Thursday, May 11, 2017

Thursday bullets : save money on meat

Saving money on meat bullets-- meat or protein is often  the most expensive component of a meal.  

  • Always buy your meat at the RBP.   
  •  Buy in bulk - at least enough for the days of the month that you will eat that meat
  •  Cut up your own meat and portion control it in meal sized packages.   
  •  Pork loin can be as low as 1.50 a pound,   (Costco wholesale) .  Cut up loin chops can be 3.99.  That's a remarkable savings.
  •  Split chicken breast can be as low as .87 , or as high as 1.69.   Cutting the ribs off a breast is easy and you can cook the bones for broth and pick the meat.   Even if you aren't good at de-boning, you still save the chicken pieces for tacos, enchaladas, cassaroles.    Chicken breast that is skinless and boneless can be as much as 8.00 a pound,    Chicken stock is often two dollars a quart.   This way it is virtually free and takes, no time  in the slow cooker.    
  •  Sausage is cheapest on a chub at Costco -Jimmy Dean.   In,was, you have a sale and a coupon.   Safeway had it for a net of 2.25'a pound with coupons.   
  •  Good hamburger with low fat is the best for your health,    The best price I have found is 3.28 at Winco.   You can de-fat it and reduce the fat as much as 17 percent.  Portion control.   

Tuesday, May 9, 2017

Wednesday chain ads

ednesdays chain ads, Alberways and QFC.  

Shrimp 4.77 a lb buy 2 lbs.
Lucerne cheese 3.88
Eggs .98@@
Salsa 2/4.   24 ounces


Milk 4/5
Tillamook ice cream 2/6
Berries 1.88 black, blue, rasp.    
Green beans .99
Tomatoes .99
Strawberries 2.99

About it.  

Eggs were 1.19 atmFM
Berries were 1.50 at GM, not black berries.  

Meal plans for week of May 15

meal plans for week of may 15 based on taste of home brunch cookbook and dining in a dime ideas :l
Dining on a dime
Quick notes :   Meal plans are basicly a protein, a starch, and a vegetable or two.   Corn, carrots, and squash are starches.  I learned that from the nutritionist when I went to diabetes school.  
Balance color and textures.  

  1. vegetable  bean soup , artisan bread or biscuits. 
  2. Pizza , green salad 
  3. Marinated pork chops, peas, biscuits 
  4. Bean and beef enchaladas, lettuce and tomato 
  5. Homemade chicken nuggets, oven tries, fruit salad 
  6. Shrimp stir fry , rice 
  7. Breakfast 4 dinner : sausage quiche 

Tuesday - how to meal plan and why

Meal planning...why bother.?  

Not  planing your meals can make you plan for disaster.    Running to the store for that  one thing mid week that you forgot exposes you to all the stimulation they retailers want to get you to buy more.   It is also more gas, more time, and usually more money than if you got that thing on sale.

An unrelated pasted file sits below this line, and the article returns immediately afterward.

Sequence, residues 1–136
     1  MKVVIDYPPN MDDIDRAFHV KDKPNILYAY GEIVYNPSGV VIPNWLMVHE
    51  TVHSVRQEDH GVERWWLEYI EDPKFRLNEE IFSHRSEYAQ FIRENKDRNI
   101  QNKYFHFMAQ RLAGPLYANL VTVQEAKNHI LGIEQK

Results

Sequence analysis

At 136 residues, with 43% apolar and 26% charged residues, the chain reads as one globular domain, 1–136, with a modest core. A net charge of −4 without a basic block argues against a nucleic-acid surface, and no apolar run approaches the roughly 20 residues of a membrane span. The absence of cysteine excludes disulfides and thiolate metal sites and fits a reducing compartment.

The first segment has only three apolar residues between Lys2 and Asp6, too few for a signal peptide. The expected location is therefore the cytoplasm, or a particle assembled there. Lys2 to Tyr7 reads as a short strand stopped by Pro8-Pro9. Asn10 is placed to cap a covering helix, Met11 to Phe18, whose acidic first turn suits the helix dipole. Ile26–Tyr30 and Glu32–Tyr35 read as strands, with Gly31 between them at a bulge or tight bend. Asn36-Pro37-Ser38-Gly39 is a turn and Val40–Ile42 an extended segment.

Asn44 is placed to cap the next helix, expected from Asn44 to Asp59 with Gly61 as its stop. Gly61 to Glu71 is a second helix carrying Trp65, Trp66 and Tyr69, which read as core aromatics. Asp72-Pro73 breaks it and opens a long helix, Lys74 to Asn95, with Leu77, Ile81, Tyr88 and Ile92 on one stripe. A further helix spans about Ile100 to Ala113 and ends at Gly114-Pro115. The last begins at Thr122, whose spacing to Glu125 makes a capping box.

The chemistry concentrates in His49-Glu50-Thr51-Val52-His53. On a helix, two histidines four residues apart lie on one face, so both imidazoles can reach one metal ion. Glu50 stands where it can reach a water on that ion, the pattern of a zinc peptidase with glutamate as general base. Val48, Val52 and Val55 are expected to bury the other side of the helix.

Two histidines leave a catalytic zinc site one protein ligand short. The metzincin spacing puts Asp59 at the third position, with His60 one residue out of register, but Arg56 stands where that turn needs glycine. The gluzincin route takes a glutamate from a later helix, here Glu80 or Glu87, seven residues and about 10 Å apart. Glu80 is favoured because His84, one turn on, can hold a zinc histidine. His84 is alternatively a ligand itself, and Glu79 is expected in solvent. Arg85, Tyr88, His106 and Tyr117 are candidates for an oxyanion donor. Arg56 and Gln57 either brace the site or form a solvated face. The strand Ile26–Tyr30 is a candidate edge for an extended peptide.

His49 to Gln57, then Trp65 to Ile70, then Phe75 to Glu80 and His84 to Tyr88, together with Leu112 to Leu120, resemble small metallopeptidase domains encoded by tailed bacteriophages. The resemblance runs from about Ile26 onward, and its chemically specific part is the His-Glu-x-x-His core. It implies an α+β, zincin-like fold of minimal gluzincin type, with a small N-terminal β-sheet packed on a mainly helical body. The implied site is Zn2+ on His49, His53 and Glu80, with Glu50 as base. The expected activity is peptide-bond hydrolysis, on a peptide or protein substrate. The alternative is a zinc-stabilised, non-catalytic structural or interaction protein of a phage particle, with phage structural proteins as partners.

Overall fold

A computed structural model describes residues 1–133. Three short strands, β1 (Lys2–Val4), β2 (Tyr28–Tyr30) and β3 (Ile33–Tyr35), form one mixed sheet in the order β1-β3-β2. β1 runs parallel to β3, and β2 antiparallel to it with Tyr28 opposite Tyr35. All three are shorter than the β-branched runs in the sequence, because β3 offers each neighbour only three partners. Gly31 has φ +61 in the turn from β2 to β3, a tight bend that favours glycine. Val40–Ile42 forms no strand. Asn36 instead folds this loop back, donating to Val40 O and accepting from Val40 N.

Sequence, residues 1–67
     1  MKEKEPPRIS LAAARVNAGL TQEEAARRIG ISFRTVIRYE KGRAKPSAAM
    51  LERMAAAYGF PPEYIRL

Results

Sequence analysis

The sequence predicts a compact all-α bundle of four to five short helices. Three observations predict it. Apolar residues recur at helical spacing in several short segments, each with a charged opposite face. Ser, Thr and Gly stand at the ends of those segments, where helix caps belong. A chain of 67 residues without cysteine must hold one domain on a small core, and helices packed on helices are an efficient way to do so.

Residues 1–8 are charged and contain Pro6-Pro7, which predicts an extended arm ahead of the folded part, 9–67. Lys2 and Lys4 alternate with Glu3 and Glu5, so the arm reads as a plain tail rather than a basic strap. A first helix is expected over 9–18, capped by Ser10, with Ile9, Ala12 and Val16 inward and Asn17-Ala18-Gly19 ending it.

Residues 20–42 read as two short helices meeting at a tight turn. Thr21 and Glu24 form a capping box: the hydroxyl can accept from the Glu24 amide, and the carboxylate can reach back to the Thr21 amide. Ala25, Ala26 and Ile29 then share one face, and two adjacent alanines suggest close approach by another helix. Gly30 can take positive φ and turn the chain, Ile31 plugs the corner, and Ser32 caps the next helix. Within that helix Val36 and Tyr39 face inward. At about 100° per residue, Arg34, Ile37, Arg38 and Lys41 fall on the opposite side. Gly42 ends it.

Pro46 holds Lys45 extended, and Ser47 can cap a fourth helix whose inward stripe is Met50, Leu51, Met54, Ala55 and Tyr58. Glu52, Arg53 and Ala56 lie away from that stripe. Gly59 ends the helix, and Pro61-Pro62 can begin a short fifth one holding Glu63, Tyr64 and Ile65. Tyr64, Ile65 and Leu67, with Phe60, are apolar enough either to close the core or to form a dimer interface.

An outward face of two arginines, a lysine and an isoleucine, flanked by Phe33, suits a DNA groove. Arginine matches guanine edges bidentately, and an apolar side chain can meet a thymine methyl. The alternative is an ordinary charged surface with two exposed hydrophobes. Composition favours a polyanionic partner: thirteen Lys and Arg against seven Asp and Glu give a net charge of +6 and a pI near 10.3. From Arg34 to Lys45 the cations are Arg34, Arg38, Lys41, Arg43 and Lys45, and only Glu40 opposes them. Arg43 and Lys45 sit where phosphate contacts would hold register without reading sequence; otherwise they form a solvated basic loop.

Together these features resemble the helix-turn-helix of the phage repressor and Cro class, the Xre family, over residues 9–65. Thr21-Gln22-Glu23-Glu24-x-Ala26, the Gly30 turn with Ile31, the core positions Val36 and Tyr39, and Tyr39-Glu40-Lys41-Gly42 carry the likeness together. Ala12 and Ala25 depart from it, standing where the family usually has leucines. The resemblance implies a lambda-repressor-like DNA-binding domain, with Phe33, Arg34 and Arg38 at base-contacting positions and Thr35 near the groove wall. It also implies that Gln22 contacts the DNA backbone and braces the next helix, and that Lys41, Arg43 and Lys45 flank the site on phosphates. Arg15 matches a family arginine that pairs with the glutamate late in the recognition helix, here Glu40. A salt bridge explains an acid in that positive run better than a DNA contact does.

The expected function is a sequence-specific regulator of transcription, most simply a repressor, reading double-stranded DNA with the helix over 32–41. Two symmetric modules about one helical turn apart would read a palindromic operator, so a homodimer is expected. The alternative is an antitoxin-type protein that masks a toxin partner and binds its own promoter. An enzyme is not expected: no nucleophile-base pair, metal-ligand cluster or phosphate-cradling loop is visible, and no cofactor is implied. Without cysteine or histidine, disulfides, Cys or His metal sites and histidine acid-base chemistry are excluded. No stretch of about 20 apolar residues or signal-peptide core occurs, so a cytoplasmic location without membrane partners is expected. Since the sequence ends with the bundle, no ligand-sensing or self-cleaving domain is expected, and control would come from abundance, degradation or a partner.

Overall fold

It's my personal opinion that planning for a month is to extreme.   It might work for some people. But our  planning is constantly adapting for foods that need to be used up or something that I found that was a really really good sale. It's that adapting that saves money.   Weekly plans work better for is,  I got a dry erase magnetic board for the fridge.   It works.   I also have a form that I designed in excel.    It has the days of the week on blocks, my personal matrix in the "extra" block. And two columns: one for a lost of basics we always have on hand and one for things we need to purchase to fill in the meals.

We use a matrix based on proteins.  This gives us a variety of meals and assures everyone gets some of what they like to eat.  It took me a while to come to the conclusion that you can't please  everyone all of the time , but you can please everyone some of the time.   If the meal isn't their favorite, their favorite will come in rotation.   The basic protein, starch and fruit or veggie meal matrix keeps us balanced.

Our matrix is :

  • 1 beef 
  • 3 chicken or Pork
  • 1 fish or shellfish 
  • 2 vegetarian 
Others have a different matrix, say maybe one based on themes, or tuoes of food like Mexican, Chinese, etc.   
Having a outline helps make meal planning fast and easy.   Having a list of entrees that your family likes and that are easy to prepare clinches the deal.  We, like many families have a couple of basic "winners" that we eat every week.  They are open ended so it possibilities are endless.   Those are pizza and breakfast 4 dinner.   Both are very inexpensive meals.   Scratch pizza can be as low as 1.09 a pizza .   Eggs these days are a dollar a dozen.    Having a few really inexpensive meals affords you the luxury of a meal or two that is more of a splurge and still effectively averaging five dollars a meal for the proverbial family of four.